Local developer John Ramos, a Diablo Grande resident, said the new estimated costs still seemed too high. He maintained that World International, which purchased Diablo Grande in 2008, should bear a greater share of the price of water. Company representatives must have been aware that the water district had an annual deficit when they bought the development, he said.
“We need to figure out a way to shave that cost,” Ramos said.
Officials with Laurus Corp., which manages the property for World, contend that the company already spends about $25,000 each day to run the development, in addition to the $20 million it initially paid.
Ramos also took issue with a comment by homeowners association president Gary Chase that suggested Ramos and attorney Richard Mowery, who lives part time at Diablo Grande, were part of the district’s committee.
Both Mowery, who filed a complaint with the Fair Political Practices Commission about the water district’s governing practices, and Ramos said the committee never told them about its meetings, and they had no part in the figures presented this week.
Ramos said he wanted to participate, but committee members have not kept in contact since November and also failed to notify him about a meeting they had earlier in the week.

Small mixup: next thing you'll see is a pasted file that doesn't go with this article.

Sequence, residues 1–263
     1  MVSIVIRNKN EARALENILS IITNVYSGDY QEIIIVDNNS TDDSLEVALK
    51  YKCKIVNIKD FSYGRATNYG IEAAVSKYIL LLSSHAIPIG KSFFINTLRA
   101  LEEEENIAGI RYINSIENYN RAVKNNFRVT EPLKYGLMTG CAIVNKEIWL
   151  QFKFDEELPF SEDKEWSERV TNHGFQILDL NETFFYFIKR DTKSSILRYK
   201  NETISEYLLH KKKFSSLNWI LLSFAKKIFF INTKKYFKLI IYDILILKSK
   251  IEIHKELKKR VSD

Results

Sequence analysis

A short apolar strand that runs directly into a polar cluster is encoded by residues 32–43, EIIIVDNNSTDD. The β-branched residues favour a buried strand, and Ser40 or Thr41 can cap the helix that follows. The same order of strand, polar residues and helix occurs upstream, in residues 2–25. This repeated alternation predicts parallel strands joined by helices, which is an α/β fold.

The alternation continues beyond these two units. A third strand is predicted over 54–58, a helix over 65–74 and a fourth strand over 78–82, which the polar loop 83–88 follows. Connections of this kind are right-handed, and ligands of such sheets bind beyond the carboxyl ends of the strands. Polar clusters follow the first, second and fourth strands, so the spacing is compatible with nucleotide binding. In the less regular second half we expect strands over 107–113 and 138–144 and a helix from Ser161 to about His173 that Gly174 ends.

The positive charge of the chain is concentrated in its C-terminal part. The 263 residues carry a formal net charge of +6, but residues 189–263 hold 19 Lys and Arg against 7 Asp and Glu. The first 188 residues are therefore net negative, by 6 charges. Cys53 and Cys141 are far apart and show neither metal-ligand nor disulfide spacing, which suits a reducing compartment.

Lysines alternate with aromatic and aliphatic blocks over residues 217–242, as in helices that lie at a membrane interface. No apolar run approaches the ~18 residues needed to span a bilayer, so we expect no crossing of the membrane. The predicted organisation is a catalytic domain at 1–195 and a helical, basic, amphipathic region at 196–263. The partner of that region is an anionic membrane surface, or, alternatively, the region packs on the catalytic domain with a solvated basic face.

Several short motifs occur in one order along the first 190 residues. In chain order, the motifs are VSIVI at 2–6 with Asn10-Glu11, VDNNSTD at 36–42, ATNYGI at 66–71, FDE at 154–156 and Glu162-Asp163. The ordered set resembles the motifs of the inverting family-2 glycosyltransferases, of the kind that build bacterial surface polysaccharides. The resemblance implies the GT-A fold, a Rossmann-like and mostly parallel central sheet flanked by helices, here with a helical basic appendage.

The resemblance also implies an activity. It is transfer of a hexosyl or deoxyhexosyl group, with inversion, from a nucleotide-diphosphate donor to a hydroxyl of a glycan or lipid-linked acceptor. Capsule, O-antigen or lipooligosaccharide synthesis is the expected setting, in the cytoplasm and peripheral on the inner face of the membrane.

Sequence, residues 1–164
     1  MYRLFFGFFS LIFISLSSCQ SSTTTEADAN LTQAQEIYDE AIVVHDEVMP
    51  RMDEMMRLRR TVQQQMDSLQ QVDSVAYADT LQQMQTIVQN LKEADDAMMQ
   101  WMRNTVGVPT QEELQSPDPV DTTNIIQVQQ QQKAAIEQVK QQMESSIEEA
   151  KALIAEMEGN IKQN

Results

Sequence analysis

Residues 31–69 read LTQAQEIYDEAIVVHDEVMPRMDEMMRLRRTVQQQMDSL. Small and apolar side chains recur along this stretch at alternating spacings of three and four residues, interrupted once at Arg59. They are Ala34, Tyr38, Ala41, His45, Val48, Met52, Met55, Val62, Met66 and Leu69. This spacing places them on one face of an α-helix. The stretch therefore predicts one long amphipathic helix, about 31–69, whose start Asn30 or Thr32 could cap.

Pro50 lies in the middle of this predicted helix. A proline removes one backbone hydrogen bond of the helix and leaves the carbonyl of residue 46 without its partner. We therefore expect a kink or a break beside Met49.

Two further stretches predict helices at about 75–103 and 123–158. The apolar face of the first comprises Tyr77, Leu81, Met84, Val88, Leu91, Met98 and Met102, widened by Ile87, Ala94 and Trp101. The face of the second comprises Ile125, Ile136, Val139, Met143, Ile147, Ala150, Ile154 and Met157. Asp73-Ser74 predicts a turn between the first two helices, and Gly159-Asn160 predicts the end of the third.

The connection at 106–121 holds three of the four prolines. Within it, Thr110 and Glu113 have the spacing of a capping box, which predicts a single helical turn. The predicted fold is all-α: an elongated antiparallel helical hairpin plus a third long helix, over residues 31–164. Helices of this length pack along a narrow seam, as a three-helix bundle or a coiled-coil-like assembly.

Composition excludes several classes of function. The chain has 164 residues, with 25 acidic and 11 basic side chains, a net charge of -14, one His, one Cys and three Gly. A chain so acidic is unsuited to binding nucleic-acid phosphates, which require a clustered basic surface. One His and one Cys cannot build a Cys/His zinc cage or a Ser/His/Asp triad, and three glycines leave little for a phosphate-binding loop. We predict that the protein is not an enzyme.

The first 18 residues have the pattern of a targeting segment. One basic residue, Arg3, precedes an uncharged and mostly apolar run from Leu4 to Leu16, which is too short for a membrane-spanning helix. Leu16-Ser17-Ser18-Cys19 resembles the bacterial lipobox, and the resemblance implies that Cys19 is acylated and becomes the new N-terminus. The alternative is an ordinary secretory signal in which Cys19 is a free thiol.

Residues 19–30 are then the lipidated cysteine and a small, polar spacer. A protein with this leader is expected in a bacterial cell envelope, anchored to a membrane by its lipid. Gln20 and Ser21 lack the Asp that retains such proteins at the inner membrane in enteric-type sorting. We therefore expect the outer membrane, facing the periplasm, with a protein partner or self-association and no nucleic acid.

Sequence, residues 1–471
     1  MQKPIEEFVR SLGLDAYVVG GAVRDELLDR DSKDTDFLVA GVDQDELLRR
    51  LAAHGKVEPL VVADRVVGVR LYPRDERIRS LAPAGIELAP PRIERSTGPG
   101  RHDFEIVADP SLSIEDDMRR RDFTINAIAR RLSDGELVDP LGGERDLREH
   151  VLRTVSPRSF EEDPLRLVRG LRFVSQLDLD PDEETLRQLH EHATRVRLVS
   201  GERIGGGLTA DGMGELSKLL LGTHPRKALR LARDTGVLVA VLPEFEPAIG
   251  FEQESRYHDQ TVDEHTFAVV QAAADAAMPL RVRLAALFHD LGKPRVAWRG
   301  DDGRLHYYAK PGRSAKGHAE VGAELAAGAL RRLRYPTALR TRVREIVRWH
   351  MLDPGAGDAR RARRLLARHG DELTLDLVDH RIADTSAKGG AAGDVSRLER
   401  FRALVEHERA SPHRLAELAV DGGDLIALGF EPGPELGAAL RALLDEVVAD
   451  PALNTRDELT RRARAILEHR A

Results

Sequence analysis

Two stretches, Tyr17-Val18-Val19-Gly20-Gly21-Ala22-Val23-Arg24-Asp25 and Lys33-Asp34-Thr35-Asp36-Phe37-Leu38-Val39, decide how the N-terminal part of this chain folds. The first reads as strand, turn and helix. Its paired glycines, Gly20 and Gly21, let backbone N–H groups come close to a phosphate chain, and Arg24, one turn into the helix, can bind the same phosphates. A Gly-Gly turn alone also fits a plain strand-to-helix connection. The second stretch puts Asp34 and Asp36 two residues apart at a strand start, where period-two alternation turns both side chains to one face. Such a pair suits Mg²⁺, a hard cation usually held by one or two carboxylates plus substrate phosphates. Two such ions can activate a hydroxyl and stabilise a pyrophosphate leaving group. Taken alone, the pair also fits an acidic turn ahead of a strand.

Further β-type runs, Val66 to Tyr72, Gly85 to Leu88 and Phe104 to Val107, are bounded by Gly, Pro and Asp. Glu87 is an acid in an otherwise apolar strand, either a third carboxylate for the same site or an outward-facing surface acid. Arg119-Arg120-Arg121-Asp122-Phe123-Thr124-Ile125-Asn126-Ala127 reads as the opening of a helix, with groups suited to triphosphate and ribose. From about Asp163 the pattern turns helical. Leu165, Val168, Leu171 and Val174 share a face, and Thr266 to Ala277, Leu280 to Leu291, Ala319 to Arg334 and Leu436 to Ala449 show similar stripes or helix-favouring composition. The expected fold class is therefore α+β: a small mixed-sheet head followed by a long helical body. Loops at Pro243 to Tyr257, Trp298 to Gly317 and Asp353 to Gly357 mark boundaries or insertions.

Both Frost and Russell contended that Ramos’ involvement with the committee gradually dwindled over time and ceased, and that he never reached out to fellow committee members about meeting times.
“We need to get beyond all this negativity,” Frost said. “We need to find new ways to work with each other.”
Mowery, meanwhile, said he could not properly form an opinion about the figures presented at last week’s homeowners meeting without more information.
“I’m looking forward to seeing the underlying data at this (Feb. 5) workshop so I can analyze it and come up with my own conclusion,” Mowery said.
Likewise, resident Mark Hill said it would be nice if the committee had offered a more concise breakdown of the figures. Residents would prefer no increase in water rates, he said, but the figures presented last week were at least an improvement over the numbers discussed in the summer.
“The amount they were asking for in June was astronomical,” Hill said.
Both Frost and Russell say they hope to bring their neighbors up to speed with background information before the upcoming workshop, though they were not clear as of this week about how or when that would happen. They also said they wanted to get feedback for a proposed water rate at the upcoming meeting, but it was not clear whether that would happen.
Regardless, they both held high hopes for the meeting and desired as many residents to attend as possible.
“I’m very optimistic that we’ll solve this problem and that World is going to work with us,” Russell said.
• Contact Jonathan Partridge at 892-6187 or email@example.com. Editor's note: The version of this article that appeared in the Patterson Irrigator contained an error. It was Richard Mowery and John Ramos who said they were not invited to the ad-hoc committee meetings. For further clarification, only Mowery was involved in the Fair Political Practices Commission complaint.